First and foremost, when looking for a beta it's imperative a writer and her prospective readers understand the commitment made on the beta's side and the patience needed on the writer's side. When deciding if you'd like to beta read for someone, the potential reader MUST be honest with themselves and the writer. Do they really have the time to make the commitment to read your manuscript? Will they follow through and send you feedback in a timely manner? Will the feedback have substance to it? Will they make it a priority or hide when they fall behind? Will they keep you posted when life gets in the way and the reading falls by the wayside? Honesty, honesty, honesty at all times is not only important but pivotal on the beta's side. On the same note, a writer needs to be understanding and patience and not take it personally if a reader is unable to keep the commitment or has fallen behind. As a writer we are asking a lot of our betas. We are asking them to make our word baby their priority. They have lives. They have work and loved ones and their own passions and problems. Life happens and we need to be able to roll with it, because as hard as it is to remember, it's truly not all about us and our novel.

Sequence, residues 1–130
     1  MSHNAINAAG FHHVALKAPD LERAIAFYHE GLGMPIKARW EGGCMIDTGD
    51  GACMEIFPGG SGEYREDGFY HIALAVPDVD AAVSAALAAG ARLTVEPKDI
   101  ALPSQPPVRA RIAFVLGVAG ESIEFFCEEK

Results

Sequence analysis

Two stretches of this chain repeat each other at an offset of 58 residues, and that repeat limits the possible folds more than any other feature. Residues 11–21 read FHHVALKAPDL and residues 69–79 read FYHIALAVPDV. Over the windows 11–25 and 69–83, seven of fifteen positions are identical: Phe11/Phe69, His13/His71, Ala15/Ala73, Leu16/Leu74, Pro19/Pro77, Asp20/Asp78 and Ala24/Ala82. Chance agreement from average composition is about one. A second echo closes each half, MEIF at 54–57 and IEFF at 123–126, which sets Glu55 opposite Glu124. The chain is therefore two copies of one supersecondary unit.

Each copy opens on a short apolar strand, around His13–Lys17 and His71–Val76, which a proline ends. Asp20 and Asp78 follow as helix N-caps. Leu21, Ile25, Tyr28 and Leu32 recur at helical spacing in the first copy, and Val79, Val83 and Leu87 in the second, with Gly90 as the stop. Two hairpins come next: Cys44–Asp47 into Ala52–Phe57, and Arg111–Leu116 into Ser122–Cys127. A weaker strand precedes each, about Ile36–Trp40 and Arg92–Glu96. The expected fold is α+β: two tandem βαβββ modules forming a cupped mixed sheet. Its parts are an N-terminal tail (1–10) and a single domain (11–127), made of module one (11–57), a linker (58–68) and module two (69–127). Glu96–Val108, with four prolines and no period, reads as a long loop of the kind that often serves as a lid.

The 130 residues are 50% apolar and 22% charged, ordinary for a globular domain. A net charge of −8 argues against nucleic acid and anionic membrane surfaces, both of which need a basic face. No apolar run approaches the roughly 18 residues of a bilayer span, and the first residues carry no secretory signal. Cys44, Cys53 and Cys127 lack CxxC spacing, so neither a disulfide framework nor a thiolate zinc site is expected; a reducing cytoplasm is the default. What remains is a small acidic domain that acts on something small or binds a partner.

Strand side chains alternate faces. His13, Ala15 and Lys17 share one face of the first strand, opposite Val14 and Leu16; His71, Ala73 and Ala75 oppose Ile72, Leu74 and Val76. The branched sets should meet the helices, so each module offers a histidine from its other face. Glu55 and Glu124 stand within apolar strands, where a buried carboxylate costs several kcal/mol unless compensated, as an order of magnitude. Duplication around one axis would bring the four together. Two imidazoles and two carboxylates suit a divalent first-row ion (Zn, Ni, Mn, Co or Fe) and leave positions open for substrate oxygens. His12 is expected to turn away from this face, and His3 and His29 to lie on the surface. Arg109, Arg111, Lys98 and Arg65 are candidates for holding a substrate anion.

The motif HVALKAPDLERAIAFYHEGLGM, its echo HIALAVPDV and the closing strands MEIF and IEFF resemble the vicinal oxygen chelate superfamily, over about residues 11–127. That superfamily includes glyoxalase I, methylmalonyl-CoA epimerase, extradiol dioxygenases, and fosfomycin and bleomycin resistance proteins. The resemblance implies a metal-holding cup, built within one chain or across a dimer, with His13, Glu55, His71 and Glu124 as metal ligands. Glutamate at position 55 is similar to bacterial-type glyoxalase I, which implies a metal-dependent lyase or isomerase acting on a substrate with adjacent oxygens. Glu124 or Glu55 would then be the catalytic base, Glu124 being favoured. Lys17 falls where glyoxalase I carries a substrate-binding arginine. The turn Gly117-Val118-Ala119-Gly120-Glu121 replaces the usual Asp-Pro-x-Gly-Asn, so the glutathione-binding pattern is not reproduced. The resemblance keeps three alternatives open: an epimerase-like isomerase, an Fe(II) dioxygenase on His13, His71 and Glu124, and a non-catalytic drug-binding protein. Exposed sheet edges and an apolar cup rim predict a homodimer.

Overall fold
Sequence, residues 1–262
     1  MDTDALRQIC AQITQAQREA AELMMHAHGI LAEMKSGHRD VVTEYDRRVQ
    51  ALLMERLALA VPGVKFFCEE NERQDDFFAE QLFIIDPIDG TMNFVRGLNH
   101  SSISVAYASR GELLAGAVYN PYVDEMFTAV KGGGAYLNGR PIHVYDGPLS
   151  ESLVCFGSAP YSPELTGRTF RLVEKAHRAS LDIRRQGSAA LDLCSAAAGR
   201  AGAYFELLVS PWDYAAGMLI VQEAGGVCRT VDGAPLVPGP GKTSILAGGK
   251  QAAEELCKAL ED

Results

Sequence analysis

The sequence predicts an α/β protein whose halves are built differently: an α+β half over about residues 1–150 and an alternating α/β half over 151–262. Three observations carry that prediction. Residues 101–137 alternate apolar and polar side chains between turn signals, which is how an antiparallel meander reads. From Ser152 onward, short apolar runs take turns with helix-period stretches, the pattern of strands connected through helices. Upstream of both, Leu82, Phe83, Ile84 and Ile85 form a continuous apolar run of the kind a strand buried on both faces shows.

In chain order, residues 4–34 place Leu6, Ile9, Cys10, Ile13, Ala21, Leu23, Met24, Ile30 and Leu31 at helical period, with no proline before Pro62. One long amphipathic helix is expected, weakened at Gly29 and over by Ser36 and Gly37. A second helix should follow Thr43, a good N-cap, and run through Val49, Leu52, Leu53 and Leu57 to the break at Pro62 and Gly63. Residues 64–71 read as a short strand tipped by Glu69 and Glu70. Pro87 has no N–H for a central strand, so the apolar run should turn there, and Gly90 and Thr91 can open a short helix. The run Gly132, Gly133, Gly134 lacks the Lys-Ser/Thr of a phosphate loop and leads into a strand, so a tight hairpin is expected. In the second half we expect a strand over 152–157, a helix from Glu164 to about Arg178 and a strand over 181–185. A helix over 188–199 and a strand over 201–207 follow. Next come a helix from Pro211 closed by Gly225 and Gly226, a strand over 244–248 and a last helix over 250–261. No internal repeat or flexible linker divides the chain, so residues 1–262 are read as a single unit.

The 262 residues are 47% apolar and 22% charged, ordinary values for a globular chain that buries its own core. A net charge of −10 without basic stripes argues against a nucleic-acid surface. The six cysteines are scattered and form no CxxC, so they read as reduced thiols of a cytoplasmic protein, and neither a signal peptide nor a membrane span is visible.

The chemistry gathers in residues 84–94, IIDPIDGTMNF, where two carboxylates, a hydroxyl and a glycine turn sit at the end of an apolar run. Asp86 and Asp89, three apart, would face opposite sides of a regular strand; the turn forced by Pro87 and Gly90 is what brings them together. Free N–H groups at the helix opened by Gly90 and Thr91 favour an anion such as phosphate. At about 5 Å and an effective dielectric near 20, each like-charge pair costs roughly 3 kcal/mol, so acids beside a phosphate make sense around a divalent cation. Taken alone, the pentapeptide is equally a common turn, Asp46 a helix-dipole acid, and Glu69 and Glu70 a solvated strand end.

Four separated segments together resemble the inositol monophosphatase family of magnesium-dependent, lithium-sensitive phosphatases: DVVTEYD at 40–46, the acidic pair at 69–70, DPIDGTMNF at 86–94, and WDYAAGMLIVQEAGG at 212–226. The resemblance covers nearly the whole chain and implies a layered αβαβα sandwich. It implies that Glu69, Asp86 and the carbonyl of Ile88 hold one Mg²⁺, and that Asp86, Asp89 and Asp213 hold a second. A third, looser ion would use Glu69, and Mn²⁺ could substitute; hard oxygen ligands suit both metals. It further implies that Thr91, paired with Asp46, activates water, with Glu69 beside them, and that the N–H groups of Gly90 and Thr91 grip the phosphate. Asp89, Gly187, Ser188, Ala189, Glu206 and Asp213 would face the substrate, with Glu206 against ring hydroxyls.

2. Diligence:
So you and your beta have honestly discussed the commitment needed and agreed that you can establish a good working relationship. Now it's time for some diligence -- you guessed it -- on BOTH sides. For a beta, this part of the journey is simply stated but time consuming and challenging because it can be boiled down to: just read. Read like your life depended on it. Read like YOU wrote the words. Read, read, and read. Be diligent in communicating with the writer as you hold their hand during the process. Let them know where you are at, what challenges you are facing, and don't be ashamed if you get behind. And my dear fellow writers, be diligent in your gratitude and understanding. Never forget, you are asking a person to take time out of their life to make your work a priority. Often they are unpaid, under appreciated, and rarely given the credit for helping establish your story. Show them your appreciation, they deserve it.

3. Encouragement:
We've reached the moment the beta and the writer have been waiting on -- with baited breath, no less -- for months, your beta has finished reading your word baby! Now comes the hardest part, feedback. Writers' egos are fragile. We're a temperamental people who say we want criticism but really what we're dying to hear is all the parts you loved most. So here comes the handholding and general, 'you're awesome' portion of the relationship. Betas, grab those pom-poms and pepper your fragile writer with encouragement and 'I loved this part so much it hurts' feedback! BUT BE SINCERE. You are not doing a writer any favors by telling them something is good when in truth it stinks. Express to your writer what you think they did right and don't hold back.